Market week review: heavy resolution before the warm-up drama is also wonderful! A proposal from Joe Biden is a market shock!

Financial markets roundup for the week of April 23: The Bank of Canada reduced its weekly bond purchases while forecasting a rate hike in the second half of 2022, becoming the first major central bank to offer forward guidance on policy tightening. While the European Central Bank continues to maintain its accommodative stance, a growing number of central banks have begun to prepare for the inflation outlook in the United States, making investment sentiment increasingly nervous. U.S. President Joe Biden’s plan to propose a bigger-than-expected increase in capital gains taxes briefly weighed on stocks and weighed on sentiment for risky assets. But with the latest robust economic data showing the recovery taking hold, investors are already looking ahead to next week’s Federal Reserve rate decision and a slew of big data releases.

On the epidemic: India reported 332,730 confirmed cases on Friday, the world’s highest number of infections in a single day for the second day in a row, and 2,263 more deaths in a single day. Hospitals have been overwhelmed by the rising number of patients, causing severe shortages of oxygen, intensive care beds and respirators. Sky News noted that the UK travel ban is in effect for tourists from India, and British and Irish citizens returning from India will still be allowed to enter the country, but must be quarantined in a government-designated isolation hotel for 10 days. Canada and the United Arab Emirates have suspended passenger flights to India for 30 days, and Singapore has tightened restrictions on Indian travellers. This suggests that the differentiation of epidemics in many places will lead to an uneven global economic recovery.

FX markets: The dollar was briefly supported by strong economic data, although the greenback remained broadly on the defensive, in part because fears of inflation-driven US interest rate rises receded as Treasury yields retreated.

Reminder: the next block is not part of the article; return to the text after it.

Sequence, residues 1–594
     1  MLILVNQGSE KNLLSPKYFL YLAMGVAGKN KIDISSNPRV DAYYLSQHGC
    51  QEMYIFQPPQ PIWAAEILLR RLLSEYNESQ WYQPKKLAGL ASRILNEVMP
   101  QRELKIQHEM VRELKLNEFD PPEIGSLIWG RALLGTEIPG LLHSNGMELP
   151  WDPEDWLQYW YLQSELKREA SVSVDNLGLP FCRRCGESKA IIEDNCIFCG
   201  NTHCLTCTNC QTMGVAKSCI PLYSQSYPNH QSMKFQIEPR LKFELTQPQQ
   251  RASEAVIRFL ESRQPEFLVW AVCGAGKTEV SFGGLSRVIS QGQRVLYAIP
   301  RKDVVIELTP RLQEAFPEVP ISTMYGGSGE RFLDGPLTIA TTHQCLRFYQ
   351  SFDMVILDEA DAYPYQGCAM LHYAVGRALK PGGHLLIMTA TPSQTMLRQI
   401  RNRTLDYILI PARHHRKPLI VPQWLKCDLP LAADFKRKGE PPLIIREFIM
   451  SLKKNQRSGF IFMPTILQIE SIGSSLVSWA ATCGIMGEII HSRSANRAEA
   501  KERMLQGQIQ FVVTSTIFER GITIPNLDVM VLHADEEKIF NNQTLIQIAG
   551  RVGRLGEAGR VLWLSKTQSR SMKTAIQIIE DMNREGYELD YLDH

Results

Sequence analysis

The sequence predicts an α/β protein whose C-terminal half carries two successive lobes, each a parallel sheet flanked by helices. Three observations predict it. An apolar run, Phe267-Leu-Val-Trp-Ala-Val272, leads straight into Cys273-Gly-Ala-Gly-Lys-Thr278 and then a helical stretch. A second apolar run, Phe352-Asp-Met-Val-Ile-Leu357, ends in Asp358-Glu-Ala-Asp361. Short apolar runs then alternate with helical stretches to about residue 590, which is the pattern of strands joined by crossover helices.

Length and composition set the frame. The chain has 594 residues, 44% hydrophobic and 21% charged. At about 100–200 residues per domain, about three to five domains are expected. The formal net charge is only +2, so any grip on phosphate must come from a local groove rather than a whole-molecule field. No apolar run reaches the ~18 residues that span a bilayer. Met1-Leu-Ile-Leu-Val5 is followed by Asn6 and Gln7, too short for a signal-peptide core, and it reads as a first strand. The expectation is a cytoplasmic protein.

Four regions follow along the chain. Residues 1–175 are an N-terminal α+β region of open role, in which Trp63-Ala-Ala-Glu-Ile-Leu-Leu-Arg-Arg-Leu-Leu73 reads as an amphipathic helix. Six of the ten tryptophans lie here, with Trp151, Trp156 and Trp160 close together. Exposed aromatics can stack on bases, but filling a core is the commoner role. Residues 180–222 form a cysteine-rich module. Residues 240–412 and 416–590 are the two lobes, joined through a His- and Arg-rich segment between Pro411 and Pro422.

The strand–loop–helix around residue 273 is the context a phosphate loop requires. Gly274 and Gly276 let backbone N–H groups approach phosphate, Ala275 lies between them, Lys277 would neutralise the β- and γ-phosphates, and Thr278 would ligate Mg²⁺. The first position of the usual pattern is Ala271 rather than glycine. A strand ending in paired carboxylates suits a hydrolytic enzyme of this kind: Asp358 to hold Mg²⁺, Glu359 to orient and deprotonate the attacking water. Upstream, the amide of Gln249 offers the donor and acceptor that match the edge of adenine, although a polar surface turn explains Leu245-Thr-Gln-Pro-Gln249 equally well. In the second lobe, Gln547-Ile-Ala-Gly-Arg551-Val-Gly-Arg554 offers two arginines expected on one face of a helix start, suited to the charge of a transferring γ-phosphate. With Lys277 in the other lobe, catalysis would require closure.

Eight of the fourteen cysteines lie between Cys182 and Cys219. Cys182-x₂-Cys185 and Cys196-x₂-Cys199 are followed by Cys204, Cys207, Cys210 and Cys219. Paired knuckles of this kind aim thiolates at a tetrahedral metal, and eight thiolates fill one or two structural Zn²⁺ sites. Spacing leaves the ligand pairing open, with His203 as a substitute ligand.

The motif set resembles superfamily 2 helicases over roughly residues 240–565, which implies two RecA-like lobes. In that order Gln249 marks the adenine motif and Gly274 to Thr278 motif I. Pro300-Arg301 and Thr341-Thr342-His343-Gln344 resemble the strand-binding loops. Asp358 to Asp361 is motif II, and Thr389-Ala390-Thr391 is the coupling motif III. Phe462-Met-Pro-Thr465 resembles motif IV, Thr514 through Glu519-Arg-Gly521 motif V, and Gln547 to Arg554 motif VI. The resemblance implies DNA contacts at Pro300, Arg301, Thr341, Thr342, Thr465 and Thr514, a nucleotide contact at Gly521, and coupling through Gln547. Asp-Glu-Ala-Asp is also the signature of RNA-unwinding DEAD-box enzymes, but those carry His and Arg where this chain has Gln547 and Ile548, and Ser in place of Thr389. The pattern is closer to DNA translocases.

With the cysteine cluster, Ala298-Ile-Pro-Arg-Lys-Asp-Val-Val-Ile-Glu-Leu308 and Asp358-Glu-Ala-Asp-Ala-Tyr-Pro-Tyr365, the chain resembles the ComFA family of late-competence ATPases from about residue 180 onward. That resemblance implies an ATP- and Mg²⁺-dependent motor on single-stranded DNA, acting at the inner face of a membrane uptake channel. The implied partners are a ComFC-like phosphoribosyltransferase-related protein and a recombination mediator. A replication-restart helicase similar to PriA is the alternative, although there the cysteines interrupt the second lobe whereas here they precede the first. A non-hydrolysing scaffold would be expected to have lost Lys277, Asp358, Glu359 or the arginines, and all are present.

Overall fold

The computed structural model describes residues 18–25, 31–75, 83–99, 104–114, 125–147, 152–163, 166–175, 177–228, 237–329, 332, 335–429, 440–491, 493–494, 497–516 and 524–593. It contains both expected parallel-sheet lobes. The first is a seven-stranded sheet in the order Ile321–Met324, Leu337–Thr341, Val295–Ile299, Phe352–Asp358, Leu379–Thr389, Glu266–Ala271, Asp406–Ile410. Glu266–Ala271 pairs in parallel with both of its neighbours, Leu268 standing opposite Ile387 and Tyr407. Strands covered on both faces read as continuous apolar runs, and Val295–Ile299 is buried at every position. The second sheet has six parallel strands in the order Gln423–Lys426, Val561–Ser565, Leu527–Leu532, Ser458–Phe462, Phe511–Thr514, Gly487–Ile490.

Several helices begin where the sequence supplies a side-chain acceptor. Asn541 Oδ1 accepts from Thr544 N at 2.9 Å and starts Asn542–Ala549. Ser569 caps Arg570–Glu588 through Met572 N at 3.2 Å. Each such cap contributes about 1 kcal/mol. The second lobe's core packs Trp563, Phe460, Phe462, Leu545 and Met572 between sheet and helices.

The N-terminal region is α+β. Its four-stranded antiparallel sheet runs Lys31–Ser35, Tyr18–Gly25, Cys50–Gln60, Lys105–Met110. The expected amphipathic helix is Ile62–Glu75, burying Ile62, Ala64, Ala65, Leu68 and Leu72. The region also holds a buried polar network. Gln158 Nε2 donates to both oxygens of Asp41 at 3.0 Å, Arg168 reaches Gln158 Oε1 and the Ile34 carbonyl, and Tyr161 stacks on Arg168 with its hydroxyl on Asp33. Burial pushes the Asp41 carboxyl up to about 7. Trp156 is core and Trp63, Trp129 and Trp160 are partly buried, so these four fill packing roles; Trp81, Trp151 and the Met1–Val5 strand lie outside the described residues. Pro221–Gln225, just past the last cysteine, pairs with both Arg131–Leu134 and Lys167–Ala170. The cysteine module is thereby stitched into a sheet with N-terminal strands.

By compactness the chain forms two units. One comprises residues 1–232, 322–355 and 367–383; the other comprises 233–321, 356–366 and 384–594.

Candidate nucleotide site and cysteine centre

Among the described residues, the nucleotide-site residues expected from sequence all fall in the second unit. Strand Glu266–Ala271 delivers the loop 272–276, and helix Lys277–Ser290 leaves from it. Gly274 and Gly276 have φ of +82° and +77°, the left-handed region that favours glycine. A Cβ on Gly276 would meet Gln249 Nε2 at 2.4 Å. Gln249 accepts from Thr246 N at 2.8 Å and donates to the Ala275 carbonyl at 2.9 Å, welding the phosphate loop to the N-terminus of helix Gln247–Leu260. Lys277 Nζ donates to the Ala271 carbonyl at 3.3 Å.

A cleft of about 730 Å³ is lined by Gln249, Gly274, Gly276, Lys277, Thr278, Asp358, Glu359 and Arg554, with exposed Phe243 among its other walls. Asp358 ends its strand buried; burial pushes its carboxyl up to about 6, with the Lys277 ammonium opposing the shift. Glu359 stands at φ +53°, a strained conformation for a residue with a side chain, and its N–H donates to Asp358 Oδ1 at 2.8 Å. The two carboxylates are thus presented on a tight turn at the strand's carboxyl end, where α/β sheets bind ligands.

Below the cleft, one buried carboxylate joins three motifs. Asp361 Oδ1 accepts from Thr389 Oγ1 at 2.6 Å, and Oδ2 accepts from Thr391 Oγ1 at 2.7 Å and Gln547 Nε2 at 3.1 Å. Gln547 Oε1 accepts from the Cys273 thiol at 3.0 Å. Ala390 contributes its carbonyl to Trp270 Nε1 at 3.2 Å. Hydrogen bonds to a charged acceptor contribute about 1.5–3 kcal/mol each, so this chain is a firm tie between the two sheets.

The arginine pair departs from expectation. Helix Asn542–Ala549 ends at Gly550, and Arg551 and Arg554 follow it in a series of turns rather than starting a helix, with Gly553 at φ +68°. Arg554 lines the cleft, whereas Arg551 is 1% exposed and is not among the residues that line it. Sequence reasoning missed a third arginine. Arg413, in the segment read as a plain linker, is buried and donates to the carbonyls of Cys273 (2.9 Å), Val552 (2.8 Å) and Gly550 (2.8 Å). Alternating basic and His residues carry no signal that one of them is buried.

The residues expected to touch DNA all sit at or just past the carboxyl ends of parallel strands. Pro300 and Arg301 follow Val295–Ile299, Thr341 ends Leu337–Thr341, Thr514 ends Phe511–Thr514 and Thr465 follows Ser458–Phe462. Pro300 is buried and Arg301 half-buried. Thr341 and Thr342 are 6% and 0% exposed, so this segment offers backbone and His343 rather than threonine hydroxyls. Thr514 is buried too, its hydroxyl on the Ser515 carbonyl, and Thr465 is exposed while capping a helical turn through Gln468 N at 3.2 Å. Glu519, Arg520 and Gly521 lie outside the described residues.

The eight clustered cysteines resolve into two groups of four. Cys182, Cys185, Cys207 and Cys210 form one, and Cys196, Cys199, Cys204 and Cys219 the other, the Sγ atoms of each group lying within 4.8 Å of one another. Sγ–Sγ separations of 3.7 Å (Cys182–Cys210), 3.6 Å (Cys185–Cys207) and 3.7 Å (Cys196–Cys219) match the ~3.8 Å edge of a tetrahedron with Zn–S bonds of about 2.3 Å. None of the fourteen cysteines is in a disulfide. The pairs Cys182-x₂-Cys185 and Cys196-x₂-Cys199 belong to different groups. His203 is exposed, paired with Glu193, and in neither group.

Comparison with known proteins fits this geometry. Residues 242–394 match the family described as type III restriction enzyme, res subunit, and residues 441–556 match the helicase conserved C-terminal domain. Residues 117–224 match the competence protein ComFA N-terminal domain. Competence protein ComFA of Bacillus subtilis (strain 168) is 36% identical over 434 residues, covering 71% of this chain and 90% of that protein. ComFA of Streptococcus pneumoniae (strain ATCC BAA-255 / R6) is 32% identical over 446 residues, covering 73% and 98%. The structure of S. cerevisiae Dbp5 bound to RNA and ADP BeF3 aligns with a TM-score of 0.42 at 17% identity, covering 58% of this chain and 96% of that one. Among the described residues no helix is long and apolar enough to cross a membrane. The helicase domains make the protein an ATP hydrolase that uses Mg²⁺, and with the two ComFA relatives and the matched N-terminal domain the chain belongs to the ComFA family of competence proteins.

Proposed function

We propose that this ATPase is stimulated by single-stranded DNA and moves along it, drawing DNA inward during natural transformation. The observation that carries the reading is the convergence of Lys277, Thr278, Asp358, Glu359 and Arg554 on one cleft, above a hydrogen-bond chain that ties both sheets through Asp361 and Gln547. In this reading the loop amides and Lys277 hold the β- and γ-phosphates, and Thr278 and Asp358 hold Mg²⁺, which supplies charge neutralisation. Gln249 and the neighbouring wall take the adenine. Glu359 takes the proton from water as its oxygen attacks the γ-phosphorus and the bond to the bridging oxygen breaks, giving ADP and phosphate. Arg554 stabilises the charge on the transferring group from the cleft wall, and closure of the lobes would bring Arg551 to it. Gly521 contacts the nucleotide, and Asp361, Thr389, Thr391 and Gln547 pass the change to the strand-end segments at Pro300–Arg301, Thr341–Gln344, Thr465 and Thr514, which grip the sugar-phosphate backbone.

Stock market: Joe Biden’s proposal for a big capital-gains tax increase hurt sentiment in the short term, but the market gradually decided that aggressive tax increases would be hard to come by because Congress is so close. As a result, some of those fears faded, combined with strong earnings reports across the board, and the U.S. stock market, while still in the red for the week, has recovered most of the week’s losses.

Commodities markets: Sustained weakness in the dollar has helped gold this week try to break through the $1,800 level, which could help it move toward $1,900. Analysts are optimistic about the near-term future of gold prices, even though the current push against $1,800 has been unsuccessful. The positive outlook is largely driven by two drivers — the recent Bitcoin sell-off and President Joe Biden’s plan to nearly double the capital gains tax rate for the wealthiest Americans. On the other hand, the US economy got off to a strong start in the second quarter and a brighter outlook and stimulus measures helped boost demand as restrictions were eased and vaccines rolled out, but the resumption of outbreaks in countries including India will continue to limit oil price performance for the time being.

Upbeat economic data ahead of blockbuster data stoked optimism

New claims for state unemployment benefits fell to 547,000, the lowest level in more than a year, according to a Labor Department report on Thursday, compared with analysts’ estimate of 617,000. Separately, the Chicago Fed’s national activity index rose to 1.71 in March from -1.2 in February.

Meanwhile, the U.S. Markit Manufacturing PMI and the U.S. Markit Services PMI recorded 60.6 in April, both record highs. In the U.S., sales of new homes totaled 1.021 million at an annualized rate in March, the highest since September 2006.